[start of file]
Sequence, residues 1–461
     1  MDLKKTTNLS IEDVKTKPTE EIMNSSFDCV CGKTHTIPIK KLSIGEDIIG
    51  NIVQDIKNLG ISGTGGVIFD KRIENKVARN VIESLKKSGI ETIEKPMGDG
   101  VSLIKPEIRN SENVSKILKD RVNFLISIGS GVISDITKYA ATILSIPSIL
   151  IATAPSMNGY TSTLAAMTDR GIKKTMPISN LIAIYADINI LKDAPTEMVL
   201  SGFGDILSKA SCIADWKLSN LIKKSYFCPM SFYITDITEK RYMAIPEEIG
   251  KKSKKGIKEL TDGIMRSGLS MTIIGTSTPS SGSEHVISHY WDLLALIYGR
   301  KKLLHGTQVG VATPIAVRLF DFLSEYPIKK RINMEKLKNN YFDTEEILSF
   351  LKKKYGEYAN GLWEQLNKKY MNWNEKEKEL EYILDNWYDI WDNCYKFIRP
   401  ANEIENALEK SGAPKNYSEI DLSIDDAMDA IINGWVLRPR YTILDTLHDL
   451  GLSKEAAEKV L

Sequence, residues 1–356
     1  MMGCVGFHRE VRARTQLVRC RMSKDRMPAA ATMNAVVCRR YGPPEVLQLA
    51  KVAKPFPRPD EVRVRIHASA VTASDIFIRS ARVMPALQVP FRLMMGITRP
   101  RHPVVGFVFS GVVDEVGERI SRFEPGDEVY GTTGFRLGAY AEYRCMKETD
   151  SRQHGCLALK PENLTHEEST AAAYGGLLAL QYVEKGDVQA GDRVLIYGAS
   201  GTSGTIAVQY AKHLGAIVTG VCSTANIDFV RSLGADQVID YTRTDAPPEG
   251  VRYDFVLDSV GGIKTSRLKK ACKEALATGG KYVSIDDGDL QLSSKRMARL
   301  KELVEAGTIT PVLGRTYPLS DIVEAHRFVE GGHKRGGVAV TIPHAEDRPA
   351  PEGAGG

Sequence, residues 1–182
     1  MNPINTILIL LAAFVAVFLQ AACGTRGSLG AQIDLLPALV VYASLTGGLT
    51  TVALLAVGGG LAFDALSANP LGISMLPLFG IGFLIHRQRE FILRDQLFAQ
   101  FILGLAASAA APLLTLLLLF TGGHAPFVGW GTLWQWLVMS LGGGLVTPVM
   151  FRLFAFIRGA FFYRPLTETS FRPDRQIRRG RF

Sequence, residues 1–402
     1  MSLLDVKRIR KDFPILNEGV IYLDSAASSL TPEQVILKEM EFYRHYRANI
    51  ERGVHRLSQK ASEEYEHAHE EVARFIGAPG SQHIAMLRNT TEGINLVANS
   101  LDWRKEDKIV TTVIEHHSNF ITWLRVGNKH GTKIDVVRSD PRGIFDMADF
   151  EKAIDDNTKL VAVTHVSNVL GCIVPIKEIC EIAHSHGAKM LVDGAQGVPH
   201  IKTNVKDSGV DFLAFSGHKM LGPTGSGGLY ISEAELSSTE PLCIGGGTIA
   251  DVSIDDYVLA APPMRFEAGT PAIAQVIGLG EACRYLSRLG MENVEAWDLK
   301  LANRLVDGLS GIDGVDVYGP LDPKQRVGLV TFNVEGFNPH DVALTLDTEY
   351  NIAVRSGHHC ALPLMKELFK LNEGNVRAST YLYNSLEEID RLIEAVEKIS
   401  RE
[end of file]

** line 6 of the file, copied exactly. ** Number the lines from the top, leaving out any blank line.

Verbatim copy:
   201  SGFGDILSKA SCIADWKLSN LIKKSYFCPM SFYITDITEK RYMAIPEEIG